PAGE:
When mum called for help, I had no idea I would be coming home to a landscape of pills and hallucinations …the Hypnotic Highway…
paula roush — HYPNOTIC HGHWAY
16 x 22 cm / 108 pages / 33 photos with additional family photographs and media research, in 10 gatefolds, 5 folio sections and 1 photo insert (42 x 30 cm) / Coptic binding with linen thread and grey boards with sticker in case made of cardboard / black & white laser printing on recycled paper/ photography, text and design paula roush / First edition of 88 copies, published by msdm in June 2019 / £80 euro (incl. shipping)
Hypnotic Highway is a photobook about the hypnotics crisis. I travel regularly between London where I’m based and Lisbon, where mum lived on her own. This time, when mum called for help, I had no idea I would be coming home to a landscape of pills and hallucinations …the Hypnotic Highway…The photos were taken between the Lisbon apartment and the hospital, witnessing the impact of Zolpidol, a prescription sleeping aid, on mum’s physical and psychological condition.
Zolpidol is another name for Ambien, a prescription drug whose devastating effects are well documented in countless case courts and press accounts. Whilst I was looking after mum, I immersed myself in research, only to find out that her G.P had made her dependent on the same prescription drug that killed Heath Ledger at 28 and wiped out five years of Eminem’s life when he was in his 30s. The same drug that has transformed so many brilliant individuals into Ambien Zombies as they’re characterised in the press, people with no memories of their actions under the influence.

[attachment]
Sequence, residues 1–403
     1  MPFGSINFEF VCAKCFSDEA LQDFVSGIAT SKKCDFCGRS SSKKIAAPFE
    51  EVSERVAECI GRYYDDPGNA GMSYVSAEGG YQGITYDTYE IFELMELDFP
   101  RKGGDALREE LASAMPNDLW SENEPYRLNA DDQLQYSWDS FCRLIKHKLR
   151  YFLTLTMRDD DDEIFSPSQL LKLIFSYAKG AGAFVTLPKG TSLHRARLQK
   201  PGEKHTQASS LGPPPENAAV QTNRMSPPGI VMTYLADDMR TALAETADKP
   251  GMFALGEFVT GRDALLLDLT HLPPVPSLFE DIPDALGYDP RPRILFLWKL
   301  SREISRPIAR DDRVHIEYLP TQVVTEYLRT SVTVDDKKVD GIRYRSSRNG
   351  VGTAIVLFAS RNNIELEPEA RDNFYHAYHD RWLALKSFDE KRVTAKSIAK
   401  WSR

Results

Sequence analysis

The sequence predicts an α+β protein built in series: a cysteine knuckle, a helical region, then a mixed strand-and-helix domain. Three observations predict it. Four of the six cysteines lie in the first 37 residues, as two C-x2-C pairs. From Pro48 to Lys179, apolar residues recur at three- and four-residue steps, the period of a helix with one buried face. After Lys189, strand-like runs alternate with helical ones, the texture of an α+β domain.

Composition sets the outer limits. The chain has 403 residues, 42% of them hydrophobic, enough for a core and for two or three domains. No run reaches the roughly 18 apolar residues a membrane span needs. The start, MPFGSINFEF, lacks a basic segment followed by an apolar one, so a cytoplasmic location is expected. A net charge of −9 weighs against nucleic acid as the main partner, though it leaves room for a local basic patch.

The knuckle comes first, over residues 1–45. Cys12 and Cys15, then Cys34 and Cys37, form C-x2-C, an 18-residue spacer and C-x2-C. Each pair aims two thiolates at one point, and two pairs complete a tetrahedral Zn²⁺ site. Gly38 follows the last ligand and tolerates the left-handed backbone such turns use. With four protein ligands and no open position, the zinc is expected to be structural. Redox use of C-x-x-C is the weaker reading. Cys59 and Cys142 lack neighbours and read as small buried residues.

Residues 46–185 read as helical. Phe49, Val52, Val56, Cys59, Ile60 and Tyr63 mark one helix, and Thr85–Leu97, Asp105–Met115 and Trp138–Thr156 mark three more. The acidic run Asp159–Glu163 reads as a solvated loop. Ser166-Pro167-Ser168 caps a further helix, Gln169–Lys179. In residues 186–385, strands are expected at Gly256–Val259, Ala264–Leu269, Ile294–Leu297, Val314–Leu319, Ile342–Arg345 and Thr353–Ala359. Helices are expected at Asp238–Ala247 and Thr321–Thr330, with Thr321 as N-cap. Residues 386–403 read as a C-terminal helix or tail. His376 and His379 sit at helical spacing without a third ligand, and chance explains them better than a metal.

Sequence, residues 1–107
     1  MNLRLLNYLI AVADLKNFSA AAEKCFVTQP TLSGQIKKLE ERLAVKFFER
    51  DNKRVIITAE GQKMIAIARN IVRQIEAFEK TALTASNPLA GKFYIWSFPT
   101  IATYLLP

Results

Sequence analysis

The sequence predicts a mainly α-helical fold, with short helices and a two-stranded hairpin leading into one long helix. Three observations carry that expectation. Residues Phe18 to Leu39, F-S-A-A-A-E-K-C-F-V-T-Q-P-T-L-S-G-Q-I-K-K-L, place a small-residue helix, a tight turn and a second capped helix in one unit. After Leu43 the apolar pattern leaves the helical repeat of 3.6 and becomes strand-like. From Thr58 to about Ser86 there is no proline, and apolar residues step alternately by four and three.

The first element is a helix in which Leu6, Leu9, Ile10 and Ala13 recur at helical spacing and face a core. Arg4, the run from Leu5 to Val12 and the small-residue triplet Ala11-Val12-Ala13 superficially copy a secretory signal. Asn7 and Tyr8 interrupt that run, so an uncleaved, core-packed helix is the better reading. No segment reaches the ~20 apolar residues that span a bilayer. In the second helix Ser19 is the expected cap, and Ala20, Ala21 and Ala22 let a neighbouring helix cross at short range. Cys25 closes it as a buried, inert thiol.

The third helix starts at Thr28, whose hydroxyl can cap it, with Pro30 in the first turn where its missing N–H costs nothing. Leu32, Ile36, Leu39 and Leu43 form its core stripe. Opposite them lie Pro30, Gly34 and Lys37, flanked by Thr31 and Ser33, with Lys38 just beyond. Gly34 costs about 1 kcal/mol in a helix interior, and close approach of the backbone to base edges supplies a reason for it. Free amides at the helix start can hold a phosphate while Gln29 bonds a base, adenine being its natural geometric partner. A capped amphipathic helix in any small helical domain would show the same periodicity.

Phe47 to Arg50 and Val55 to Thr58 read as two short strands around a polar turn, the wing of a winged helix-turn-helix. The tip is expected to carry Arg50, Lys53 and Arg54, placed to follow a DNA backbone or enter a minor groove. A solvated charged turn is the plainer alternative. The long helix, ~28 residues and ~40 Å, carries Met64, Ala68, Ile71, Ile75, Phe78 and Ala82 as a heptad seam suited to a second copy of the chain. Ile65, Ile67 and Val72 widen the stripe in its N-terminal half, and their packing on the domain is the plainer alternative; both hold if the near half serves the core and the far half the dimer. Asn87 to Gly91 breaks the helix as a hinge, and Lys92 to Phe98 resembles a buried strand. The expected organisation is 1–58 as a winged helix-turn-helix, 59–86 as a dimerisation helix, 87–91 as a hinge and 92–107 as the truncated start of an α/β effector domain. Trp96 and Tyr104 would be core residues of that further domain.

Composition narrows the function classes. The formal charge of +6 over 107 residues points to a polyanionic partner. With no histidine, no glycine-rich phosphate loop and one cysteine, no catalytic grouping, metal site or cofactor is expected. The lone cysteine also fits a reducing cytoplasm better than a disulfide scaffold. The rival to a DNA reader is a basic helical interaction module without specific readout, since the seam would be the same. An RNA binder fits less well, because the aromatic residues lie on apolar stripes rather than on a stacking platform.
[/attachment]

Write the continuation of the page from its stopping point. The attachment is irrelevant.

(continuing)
I read the report Living With A Prescription Drug Addict Mother Compelled Me To Fight Big Pharma and Win by lawyer Susan Chana Lask, on her Ambien Class Action I against Sanofi Aventis, the pharmaceutical company behind the hypnotics epidemic, and this helped me identify the politics surrounding the company whose logos printed in plastic bags I found lying around the house, with pills inside. I also was inspired by photographer Nan Goldin’s essay and collection of photographs detailing her addiction to Oxycontin and her campaign against Sackler’s family Purdue Pharma, the pharmaceutical company behind the opioids epidemics.
Mum’s physical body didn’t survive the hypnotics crisis and the journal I had started before her passing as a record of our time together, comes out now designed as a photobook masked as a personal photo-essay, but really meant as another call for action. As Susan Chana Lask wrote so eloquently The doctors who killed my mother still practiced after her death. They never asked how she was. They are drug dealers.
paula roush, London 2019